Regardless, it’s not obvious how Gove’s plans will improve schools in the way people want. His anachronistic baccalaureate idea and intent to abolish coursework conflicts with the view, agreed with by six in ten people, that “schools focus too much on tests and exams and not enough on learning for its own sake”.

Satisfaction with the NHS is at its highest level ever, reflecting that people recognise and value the improvements made by Labour, particularly the successful introduction of maximum waiting times targets.

I never understood the right-wing war against NHS targets, especially considering (if my memory serves me correctly) they were introduced as a result of right-wing media pressure.

When Labour entered office in 1997, satisfaction with the NHS was at the lowest level (34%) since the survey began. In 2009, satisfaction reached the highest level since the survey began (64%). Even among Conservative supporters, satisfaction with the NHS is at its height.

Against this backdrop, you really have to wonder why the Tories are embarking on a highly controversial and extremely risky reorganisation of the NHS. Many would suggest the motivation is ideological. If this is the case, Tory ideology (and that of its right-wing supporters) is clearly not shared by the British public.

So what?

This is just a scraping of findings from the report’s executive summaries available online. Still, I think it’s pretty damn supportive of New Labour’s record and suggests the Tories should be careful.

The unexpected ambition of their education and health reforms are controversial at the moment. Considering they are completely out of line with what the public actually wants, when they are introduced the shit, as they say, could well and truly hit the fan.

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[Updated] If the Telegraph’s Economics Editor is right, does rape also help drive a strong economy?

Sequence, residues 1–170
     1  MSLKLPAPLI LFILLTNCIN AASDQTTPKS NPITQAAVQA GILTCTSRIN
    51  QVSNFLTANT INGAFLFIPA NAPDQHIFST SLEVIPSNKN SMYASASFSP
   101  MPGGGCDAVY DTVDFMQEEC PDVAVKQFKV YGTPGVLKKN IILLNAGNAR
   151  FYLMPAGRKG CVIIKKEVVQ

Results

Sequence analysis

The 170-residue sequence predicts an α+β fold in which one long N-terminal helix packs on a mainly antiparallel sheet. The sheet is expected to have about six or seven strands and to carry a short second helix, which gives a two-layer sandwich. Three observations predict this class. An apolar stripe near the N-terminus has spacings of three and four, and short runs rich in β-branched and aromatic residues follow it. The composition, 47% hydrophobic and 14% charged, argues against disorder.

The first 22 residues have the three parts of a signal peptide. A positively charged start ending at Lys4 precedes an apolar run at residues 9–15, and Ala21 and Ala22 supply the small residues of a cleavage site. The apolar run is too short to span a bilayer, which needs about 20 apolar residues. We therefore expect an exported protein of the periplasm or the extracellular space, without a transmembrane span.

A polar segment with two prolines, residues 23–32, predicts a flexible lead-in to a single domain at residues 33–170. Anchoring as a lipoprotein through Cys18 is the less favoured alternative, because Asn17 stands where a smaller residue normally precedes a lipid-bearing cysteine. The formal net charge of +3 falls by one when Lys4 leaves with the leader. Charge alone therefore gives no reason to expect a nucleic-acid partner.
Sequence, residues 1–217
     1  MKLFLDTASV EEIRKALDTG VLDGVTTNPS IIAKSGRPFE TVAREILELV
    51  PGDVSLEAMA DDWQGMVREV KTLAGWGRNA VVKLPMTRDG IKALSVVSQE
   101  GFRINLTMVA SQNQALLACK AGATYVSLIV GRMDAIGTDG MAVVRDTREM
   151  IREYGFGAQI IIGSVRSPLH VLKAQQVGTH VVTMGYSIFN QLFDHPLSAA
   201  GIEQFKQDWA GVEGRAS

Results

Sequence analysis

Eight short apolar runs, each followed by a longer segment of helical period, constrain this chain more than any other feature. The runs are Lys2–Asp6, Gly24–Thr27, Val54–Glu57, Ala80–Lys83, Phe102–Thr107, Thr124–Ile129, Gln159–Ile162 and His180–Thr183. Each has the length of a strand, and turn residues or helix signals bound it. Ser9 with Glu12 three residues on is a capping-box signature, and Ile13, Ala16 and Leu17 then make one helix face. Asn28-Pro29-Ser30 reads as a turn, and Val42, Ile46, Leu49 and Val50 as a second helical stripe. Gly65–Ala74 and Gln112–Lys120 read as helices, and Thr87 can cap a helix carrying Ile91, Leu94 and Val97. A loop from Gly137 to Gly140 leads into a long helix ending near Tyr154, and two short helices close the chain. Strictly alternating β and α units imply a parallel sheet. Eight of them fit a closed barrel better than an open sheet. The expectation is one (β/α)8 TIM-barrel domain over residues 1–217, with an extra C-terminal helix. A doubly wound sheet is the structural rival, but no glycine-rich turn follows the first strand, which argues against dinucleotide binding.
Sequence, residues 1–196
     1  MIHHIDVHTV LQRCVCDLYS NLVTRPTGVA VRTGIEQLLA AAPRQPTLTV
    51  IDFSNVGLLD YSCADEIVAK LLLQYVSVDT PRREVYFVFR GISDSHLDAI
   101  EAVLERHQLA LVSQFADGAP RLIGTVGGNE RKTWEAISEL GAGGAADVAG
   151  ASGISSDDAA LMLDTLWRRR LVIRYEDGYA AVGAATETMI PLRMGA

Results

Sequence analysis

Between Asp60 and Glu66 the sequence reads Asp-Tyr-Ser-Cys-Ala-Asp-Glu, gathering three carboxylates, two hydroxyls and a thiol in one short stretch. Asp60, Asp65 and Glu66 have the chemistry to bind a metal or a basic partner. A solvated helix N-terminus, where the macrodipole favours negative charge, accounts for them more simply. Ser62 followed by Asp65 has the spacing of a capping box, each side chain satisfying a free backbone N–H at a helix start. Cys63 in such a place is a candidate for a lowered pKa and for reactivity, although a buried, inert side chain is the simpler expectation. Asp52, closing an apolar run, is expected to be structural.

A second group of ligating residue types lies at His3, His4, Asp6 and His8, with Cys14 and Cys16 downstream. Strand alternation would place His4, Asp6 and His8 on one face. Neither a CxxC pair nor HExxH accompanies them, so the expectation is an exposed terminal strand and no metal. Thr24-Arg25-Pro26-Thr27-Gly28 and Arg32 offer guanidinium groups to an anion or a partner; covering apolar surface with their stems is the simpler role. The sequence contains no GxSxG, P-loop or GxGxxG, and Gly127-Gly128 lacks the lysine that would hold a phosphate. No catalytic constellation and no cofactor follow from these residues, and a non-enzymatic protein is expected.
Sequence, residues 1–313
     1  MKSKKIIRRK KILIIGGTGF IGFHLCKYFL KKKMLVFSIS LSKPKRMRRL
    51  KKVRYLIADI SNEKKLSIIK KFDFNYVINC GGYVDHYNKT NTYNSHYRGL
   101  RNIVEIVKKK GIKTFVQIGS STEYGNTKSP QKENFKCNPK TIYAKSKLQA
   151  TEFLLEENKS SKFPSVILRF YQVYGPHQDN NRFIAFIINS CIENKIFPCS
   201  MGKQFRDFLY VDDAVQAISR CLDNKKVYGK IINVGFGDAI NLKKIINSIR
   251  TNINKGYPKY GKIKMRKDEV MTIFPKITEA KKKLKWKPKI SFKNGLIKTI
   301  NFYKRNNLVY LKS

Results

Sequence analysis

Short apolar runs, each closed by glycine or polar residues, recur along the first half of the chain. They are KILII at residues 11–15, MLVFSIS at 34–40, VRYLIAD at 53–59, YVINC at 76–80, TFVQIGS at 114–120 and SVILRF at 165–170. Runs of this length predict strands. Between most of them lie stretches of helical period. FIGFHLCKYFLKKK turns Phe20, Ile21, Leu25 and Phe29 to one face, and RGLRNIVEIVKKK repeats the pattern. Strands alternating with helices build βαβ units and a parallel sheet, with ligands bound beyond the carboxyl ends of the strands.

I do worry about The Telegraph sometimes. Edmund Conway, Economics Editor, is presumably the best person working for that newspaper to explain how this whole complicated economy thing works. In fact, the author blurb of his blog proffers, in a charmingly self-deprecating way, “Come join in as I try to get my head, and hopefully yours, round what on earth is happening in the financial crisis”. Ah, how sweet. Unfortunately, based on the evidence of his recent article, “America: the least generous unemployment system in the world“, I think he first needs to get his head around basic analysis.

Conway begins by saying:

How is it that the American economy manages year-in-year-out to outperform its European neighbours in economic terms? There is no simple answer, of course, but this chart might hold some of the clues. It shows the comparative generosity of long-term unemployment benefits around the world – and guess who is right at the very bottom?

I would, of course, agree with the statement that there is no simple answer. But, as someone who isn’t economics editor for The Telegraph, I would also suggest the answer to the first question is that the US has almost four times (3.8 2DP) as many people living there than the biggest European country, Germany. I would also then take a couple of minutes to do a little bit of research and, judging performance in economic terms by the widely accepted measure of GDP, discover that the US is also almost four times (3.9 2DP) as strong economically. Interesting. But, Conway wants to talk about unemployment benefit, so let’s have a look at that graph…